- Jemele Hill, ESPN.com, ESPN The Magazine
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No one would have blamed Green Bay Packers coach Mike McCarthy if he had lost his composure following the game Monday night against the Seahawks and had given the public a legendary viral moment.
Had he cursed out every official on the field after one of the most ghastly officiating errors in NFL history, he probably would have been a hero in every corner of the country.
Had he told his players not to bother returning to the field for the extra point -- which came after a bogus, game-winning Hail Mary touchdown that across the Internet is being referred to as the "Touchception" -- there would have been a strong swell of support for such a justified protest.
But instead of compounding inexcusable incompetency with misbehavior, the no-nonsense McCarthy acted like a total professional in his postgame news conference.
He first stated that he wouldn't be addressing the officiating. He took blame for the Packers' inept offensive performance in their 14-12 loss, and generally conducted his news conference as if his team had merely lost a game instead of having been cheated of a victory.
In fact, the most colorful statement that McCarthy made about the "Monday Night Football" laughingstock was this: "I've never seen anything like that in all my years in football. Most unusual football game that I've been a part of."
That reaction, under such unimaginable, stressful circumstances is the definition of class, maturity and most importantly, professionalism.
In other words, that's how a coach is supposed to behave.
Now compare McCarthy's reaction to how Bill Belichick responded after his Patriots lost 31-30 to the Ravens on a last-second field goal.
In Belichick's case, the winning field goal initially looked as if it had missed the mark. But video evidence later supported that it was the right call.
Let me repeat: The right call.
However, that didn't stop Belichick from angrily chasing down a referee and making physical contact with him as he hurriedly left the field. Some have tried to argue that Belichick sought the official because he was looking for an explanation. But judging by the coach's body language and irate expression, Belichick was looking for a confrontation, not an explanation.
"You saw the game," Belichick grumbled in his postgame news conference. "What did we have, 30 penalties called in that game?"
Not quite -- it was 24. And maybe Belichick should have directed his surliness at his team, which failed to make plays down the stretch on both sides of the ball. Joe Flacco outplayed Tom Brady, who mustered just 41 passing yards in the fourth quarter.
There's no question the performance of these replacement refs has gravitated between inconsistent and plain awful.
Certainly the biggest issue with these referees is that they don't exert more authority in games. Often, they have looked overwhelmed and intimidated. They have thrown flags based on the players and coaches' emotional reactions instead of trusting their instincts and sticking with their decisions.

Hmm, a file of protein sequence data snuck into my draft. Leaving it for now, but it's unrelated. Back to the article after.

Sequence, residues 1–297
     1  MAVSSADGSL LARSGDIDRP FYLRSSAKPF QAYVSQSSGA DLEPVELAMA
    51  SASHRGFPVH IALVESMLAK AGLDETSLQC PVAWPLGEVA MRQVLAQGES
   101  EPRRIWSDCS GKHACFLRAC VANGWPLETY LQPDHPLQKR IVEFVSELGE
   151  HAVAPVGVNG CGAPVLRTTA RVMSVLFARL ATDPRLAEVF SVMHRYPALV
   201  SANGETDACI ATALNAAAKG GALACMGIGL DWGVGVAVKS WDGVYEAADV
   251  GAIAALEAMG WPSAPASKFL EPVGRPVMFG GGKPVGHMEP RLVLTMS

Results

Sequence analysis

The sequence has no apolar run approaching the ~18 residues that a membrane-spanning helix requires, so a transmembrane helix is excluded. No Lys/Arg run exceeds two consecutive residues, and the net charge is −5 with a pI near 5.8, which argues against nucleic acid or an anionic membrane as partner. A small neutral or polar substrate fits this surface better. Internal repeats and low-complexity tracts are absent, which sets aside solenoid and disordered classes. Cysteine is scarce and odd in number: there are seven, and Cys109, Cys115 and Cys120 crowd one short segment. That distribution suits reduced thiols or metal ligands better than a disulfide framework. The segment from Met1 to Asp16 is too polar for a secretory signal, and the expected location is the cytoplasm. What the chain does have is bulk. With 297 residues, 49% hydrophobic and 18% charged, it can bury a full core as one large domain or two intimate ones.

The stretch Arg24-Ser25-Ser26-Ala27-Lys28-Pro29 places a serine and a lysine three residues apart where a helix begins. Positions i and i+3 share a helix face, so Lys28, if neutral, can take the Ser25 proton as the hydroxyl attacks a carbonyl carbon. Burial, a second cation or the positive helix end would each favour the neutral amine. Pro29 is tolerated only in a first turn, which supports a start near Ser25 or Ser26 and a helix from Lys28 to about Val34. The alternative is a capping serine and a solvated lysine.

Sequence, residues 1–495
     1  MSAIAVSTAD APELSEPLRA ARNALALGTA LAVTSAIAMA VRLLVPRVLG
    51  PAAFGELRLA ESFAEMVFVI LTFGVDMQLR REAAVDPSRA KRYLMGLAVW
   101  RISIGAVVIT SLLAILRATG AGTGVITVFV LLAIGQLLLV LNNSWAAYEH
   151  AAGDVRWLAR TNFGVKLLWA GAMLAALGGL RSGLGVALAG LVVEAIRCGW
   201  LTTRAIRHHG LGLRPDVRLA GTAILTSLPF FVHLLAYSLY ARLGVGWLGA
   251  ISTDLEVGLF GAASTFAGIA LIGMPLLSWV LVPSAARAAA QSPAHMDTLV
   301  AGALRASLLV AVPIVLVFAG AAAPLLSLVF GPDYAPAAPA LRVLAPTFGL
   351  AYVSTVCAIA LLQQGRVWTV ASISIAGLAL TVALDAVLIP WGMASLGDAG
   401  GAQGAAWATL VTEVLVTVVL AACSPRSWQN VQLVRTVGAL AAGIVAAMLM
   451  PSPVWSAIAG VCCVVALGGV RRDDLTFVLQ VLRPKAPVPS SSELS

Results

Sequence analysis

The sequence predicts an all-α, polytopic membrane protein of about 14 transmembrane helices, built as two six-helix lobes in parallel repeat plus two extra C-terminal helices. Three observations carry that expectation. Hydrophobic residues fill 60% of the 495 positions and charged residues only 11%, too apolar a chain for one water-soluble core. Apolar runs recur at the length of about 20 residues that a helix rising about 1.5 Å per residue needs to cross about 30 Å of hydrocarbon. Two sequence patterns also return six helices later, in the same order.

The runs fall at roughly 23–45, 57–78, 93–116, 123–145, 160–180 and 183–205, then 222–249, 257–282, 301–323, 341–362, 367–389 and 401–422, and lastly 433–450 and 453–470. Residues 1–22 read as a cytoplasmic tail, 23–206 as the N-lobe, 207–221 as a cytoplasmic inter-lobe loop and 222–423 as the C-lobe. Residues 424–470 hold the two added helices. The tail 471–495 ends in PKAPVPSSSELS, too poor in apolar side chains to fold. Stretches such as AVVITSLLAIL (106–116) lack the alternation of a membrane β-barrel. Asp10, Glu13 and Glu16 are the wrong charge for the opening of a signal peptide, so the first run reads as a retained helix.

But is it fair to blame the officials because players and coaches don't know how to conduct themselves?
We saw plenty of players pushing and shoving during the Ravens-Patriots game. And after Broncos running back Knowshon Moreno fumbled the ball Sept. 17 during another "Monday Night Football," the game was delayed several minutes as the players got into a scrum, and some even made contact with the officials. It was chaos.
It says something that the coaches and players think it's fair game to take advantage of the situation, and it's even more shameful that they seem to be using the officials to absolve themselves of responsibility.
NFL coaches are constantly preaching accountability to their players, and how important it is to exemplify leadership in any circumstance.
They want the officials to make them act like grown men -- something they should be doing regardless.
But that's not the message that's sent when they treat the officials so disrespectfully. By acting out of control, coaches are empowering their players to behave the same way.
The NFL sent out a letter demanding that coaches and players behave more professionally toward the refs. And now the league is trying to send its own strong message by fining coaches for their actions.
The NFL fined Denver coach John Fox $30,000 and sanctioned his defensive coordinator Jack Del Rio $25,000 for being verbally abusive toward officials during a loss to Atlanta.
The league is reviewing Belichick's conduct as well as the incident involving Redskins offensive coordinator Kyle Shanahan, who reportedly chased the officials into a tunnel yelling obscenities because he was whistled for a 15-yard penalty in the game for -- get this -- berating officials.
In fairness, the referees incorrectly took 10 seconds off the clock and indicated the game was over after a Redskins false start penalty as the team was making a last-ditch effort to come back against Cincinnati. Kyle Shanahan ran out on the field to address the mishandled clock situation, and while the officials eventually got things right, Shanahan wasn't satisfied. He apparently wanted his verbal pound of flesh.
Watching the officials have these constant meltdowns has been a frustrating experience, but that doesn't give coaches and players the right to practice situational professionalism.
No-nonsense Packers coach Mike McCarthy acted like a total professional in his postgame press conference. Unfortunately some players and coaches are using the refs to excuse poor behavior.